The Great Lakes are expansive, interconnected watersheds in Canada and the United States. But less than 15 percent of the lake floor has been mapped using high-resolution bathymetry technologies, indicating a large gap of knowledge in our understanding of these valuable watersheds.

Uncertainty about Teck’s future in coal causing concern in B.C.’s polluted Elk Valley / Narwhal
Teck Resources Ltd., Canada’s largest coal producer, may be considering selling off assets, a move that a non-profit environmental law firm believes could leave local communities in B.C.’s Interior at risk of holding the bag for massive environmental liabilities. Enormous waste rock piles at a string of coal mines in B.C.’s Elk Valley have been a decades-long source of water pollution, caused by leached selenium, which is toxic to fish and other aquatic life even at low levels, as well as other contaminants such as calcite, which can solidify streambeds, degrading fish habitat.

Ontario invests over $2.5 million to protect the Great Lakes / The Shoreline Beacon
The Ontario government is investing more than $2.5 million in 19 new projects to protect the health of the Great Lakes as part of its commitment in the recently signed Canada-Ontario Agreement on Great Lakes Water Quality and Ecosystem Health. These projects will help improve the water quality of the world’s largest freshwater lake system by helping farmers and landowners adopt green infrastructure projects and best practices that improve the efficiency and sustainability of their operations while reducing the amount of contaminants and excess nutrients, like excess phosphorous, entering the Great Lakes.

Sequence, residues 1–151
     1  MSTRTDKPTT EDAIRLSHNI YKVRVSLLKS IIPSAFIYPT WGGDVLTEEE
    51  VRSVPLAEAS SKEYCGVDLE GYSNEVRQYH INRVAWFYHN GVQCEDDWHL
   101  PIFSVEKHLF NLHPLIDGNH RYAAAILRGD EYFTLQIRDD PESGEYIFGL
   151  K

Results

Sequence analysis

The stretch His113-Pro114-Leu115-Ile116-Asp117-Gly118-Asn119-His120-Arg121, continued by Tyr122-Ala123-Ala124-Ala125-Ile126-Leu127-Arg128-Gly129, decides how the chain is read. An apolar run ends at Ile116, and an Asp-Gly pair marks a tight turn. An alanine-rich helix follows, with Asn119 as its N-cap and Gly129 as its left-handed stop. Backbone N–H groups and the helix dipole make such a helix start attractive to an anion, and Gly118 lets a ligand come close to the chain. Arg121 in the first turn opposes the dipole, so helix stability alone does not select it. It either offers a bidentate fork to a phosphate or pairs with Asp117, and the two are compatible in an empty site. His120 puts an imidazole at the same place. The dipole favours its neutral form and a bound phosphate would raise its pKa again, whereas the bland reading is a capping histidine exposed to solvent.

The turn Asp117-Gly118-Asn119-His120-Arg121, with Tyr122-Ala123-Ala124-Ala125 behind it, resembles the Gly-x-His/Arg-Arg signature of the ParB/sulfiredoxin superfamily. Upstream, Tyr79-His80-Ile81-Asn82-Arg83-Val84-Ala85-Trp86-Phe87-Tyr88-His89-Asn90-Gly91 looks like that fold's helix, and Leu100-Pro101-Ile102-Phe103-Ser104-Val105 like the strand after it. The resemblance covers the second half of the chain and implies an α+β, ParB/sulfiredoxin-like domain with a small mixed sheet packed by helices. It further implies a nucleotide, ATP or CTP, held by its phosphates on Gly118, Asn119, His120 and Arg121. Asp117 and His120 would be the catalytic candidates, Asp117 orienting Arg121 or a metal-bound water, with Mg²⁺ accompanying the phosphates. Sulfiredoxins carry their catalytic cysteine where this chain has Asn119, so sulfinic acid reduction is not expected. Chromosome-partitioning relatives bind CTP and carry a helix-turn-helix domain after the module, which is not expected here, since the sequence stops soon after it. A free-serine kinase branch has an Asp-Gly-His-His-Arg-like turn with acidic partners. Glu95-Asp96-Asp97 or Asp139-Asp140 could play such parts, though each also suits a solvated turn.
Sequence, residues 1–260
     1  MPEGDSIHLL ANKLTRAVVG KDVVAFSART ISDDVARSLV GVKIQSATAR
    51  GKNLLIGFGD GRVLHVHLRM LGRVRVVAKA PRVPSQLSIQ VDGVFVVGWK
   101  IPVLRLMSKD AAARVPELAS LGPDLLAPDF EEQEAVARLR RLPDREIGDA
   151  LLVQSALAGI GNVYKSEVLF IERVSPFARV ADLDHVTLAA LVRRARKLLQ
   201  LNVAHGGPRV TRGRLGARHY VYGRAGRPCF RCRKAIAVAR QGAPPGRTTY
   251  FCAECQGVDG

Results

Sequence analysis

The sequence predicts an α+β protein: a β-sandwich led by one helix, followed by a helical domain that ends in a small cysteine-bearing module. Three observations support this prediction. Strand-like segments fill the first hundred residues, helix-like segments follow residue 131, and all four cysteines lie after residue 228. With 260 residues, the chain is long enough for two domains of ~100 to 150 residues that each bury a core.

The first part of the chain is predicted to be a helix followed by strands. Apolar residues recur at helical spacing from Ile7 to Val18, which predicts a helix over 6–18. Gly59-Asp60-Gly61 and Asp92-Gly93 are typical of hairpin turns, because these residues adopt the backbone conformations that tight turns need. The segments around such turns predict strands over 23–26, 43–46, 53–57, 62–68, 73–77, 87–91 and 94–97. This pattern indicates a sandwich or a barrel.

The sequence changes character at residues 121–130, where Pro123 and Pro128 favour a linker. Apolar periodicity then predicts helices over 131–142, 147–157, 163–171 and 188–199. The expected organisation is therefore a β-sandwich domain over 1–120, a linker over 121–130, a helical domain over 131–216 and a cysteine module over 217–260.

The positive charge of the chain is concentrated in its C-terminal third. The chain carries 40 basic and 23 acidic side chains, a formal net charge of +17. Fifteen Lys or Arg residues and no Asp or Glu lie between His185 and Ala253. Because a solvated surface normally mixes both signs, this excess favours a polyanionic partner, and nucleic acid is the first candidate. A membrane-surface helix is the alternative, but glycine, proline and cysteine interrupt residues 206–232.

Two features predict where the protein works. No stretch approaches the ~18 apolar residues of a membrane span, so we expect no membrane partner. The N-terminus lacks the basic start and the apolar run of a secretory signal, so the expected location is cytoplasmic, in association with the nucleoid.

Milltown Dam on International St. Croix River Should be Removed / ASF
An opinion that NB Power’s dam, lowermost on the river’s mainstem, should be removed for the health of both the river, and the future of NB Power.

Connecting Waters of the Great Lakes Need More Monitoring and Assessment / IJC
The Great Lakes hold approximately 20 percent of Earth’s fresh surface water. The rivers, straits and fluvial lakes that connect the Great Lakes to each other Make this possible. There are seven connecting waters in the Great Lakes: the St. Marys River (connecting Superior and Huron); the Straits of Mackinac (joining Michigan and Huron); the St. Clair River, Lake St. Clair and the Detroit River (linking Huron to Erie); the Niagara River (flowing from Erie to Ontario) and the St. Lawrence River (transporting Ontario’s waters to the Atlantic Ocean). Unfortunately, these connecting waters have received far less attention than the waters they unite.

Habitat protection needs teeth to save salmon in ‘Heart of the Fraser’: B.C. coalition / Agassiz Harrison Observer
Groups are calling for a wildlife management area (WMA) to be established from Mission to Hope. “Establishing a WMA will provide legal protection for the ‘Heart of the Fraser,’ and help prevent activities like diking and gravel mining that threaten